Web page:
Long counterpoint that I agree with about why the free software community really, really, does not want to win this one.
If reading and learning from code means you have to obey the copyright on that code, two examples that spring to mind:
1. AT&T own the Unix/Posix API
2. Oracle own the Java API
Copilot is just the 'reading' part, not the 'learning' part. No version of "AI" in 2021 is learning anything. This is still what we old timers called 'data mining' back in the day. It's just that we have faster processors now that can churn through much more data. But it is still data mining. It's just 1's and 0's, people.
I won't deign to satisfy Microsoft's algorithm and click on any marketing materials for this thing, but who exactly is this 'product' for? People too lazy to learn how to code? My god, is VB6 coming back in some worse form?
Much of what she says is correct, but she skips a few important things; it looks like she didn't look closely enough at what Github Copilot does before launching into her favourite topics (which I pretty much agree completely with).
1. Sure, copyleft does not benefit from stronger copyright laws. But copyleft is harmed by a project that encourages license laundering of copyleft code and specifically avoids proprietary code laundering. Everything you can purloin with Copilot is free/open source licensed. None of it is proprietary. Why would that be?
I would be a lot happier if the WINE developers could conveniently "autocomplete" Microsoft's Win32 implementation and get away with falsely claiming authorship.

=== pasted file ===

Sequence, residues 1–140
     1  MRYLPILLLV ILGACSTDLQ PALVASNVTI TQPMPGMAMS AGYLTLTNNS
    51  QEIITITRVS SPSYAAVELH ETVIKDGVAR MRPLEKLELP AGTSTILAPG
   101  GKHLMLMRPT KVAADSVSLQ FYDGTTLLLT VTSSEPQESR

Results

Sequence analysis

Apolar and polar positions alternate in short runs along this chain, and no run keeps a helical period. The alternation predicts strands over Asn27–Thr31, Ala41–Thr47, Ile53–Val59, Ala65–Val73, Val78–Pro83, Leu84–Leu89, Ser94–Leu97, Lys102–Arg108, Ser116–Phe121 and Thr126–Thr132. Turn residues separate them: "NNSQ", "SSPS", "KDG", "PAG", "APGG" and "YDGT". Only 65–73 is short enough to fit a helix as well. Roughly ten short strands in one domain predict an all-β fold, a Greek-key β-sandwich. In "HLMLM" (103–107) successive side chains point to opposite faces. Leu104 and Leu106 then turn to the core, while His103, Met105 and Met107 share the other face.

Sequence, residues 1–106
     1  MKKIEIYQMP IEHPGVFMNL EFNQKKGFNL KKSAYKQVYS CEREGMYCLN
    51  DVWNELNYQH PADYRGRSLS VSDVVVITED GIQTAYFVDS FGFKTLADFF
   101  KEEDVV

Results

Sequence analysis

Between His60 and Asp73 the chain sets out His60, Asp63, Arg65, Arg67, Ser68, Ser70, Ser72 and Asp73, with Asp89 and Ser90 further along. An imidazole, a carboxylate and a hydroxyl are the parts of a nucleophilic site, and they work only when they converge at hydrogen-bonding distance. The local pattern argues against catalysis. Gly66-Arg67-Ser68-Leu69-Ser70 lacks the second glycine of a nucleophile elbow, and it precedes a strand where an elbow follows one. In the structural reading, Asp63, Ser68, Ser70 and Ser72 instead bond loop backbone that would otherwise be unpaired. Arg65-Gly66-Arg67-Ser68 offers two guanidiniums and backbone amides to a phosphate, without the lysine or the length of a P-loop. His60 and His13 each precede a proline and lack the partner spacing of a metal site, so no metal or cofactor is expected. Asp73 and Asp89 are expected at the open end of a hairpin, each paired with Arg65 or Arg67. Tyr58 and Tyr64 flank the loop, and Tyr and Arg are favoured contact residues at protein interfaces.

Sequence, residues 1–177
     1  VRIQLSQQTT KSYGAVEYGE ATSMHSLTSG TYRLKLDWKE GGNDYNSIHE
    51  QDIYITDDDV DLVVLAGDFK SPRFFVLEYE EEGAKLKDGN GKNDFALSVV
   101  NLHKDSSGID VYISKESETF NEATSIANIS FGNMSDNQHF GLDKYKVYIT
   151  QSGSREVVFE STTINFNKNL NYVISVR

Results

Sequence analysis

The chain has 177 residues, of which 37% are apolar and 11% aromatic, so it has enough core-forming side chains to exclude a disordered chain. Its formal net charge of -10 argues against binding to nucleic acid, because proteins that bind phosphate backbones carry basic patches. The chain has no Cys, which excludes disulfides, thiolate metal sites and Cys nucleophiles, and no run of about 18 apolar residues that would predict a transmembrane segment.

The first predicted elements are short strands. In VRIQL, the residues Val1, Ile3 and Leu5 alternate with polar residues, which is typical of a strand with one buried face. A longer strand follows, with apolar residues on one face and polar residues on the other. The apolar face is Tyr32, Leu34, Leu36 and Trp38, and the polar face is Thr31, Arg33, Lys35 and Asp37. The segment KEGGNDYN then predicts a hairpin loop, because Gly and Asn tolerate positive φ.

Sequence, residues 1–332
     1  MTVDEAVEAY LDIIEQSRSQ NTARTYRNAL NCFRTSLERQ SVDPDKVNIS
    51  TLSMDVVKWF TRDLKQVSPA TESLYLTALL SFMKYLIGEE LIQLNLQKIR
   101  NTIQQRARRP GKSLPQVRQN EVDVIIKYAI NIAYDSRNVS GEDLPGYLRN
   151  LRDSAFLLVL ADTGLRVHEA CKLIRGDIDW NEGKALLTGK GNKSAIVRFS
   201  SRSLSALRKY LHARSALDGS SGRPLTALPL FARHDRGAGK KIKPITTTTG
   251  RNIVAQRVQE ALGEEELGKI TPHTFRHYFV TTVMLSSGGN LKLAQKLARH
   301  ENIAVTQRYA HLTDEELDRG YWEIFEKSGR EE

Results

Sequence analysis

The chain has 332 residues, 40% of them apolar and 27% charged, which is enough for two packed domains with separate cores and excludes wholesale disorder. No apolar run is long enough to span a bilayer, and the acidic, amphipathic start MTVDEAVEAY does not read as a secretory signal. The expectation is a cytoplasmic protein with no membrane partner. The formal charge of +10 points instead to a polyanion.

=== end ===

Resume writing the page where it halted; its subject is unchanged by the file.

2. There's not a problem with scraping. The problem is what can be done with the results of scraping. There would be no problem if Copilot searched for functions that do what you want and displayed them to you. It could even let you copy them into your code, provided you agreed to the associated licensing terms.
"I scraped it" does not give you carte blanche to do what you like.
3. Short snippets are also fine. However, producing the entire fast inverse square root from Quake on demand, along with wrong attribution, is not a "short snippet".
At best, Github Copilot is a giant liability for anyone who uses it - imagine if your favourite search engine said "yeah, go ahead and use this image for whatever you like, even your next million dollar ad campaign", for every image it had scraped, no matter the source or licensing. At worst, it's a system designed to be a fig leaf for laundering GPL code into proprietary software.
Thanks for the response and Quake example in particular.
Commercial software has always benefited from the inclusion of free/open source code, and free/open source programmers themselves have different comfort levels with code being "purloined" - even at the length of the Quake square root function, it wouldn't bother me for example.
As to why it was trained only on free/open source code, since advocates have been claiming since the beginning that such code is higher quality than proprietary, why is this surprising? MS are endorsing the quality of non-proprietary software.
I agree that scraping does not give you carte blanche. And I like the idea of reminding anyone who uses Copilot in current form of the liability they could be exposing themselves to.
But some of the reactions I'm seeing remind me of the music industry when Napster appeared. Or the hassles that YouTube content creators (including jwz himself IIRC) suffer from when fragments of their work resemble something that already exists.
I agree, it would not be a problem if Copilot was better about attribution.
I was just thinking, "Hmm, is Id Software big enough to take on Microsoft? Oh yeah, they're owned by Bethesda now so they might be able to. Wait, Microsoft bought Bethesda... Shit..."
I think there's already some case law which says that you can't copyright "an API", only an "implementation".
The whole copilot discussion reminds me of the "What colour are your bits?" essay: https://ansuz.sooke.bc.ca/entry/23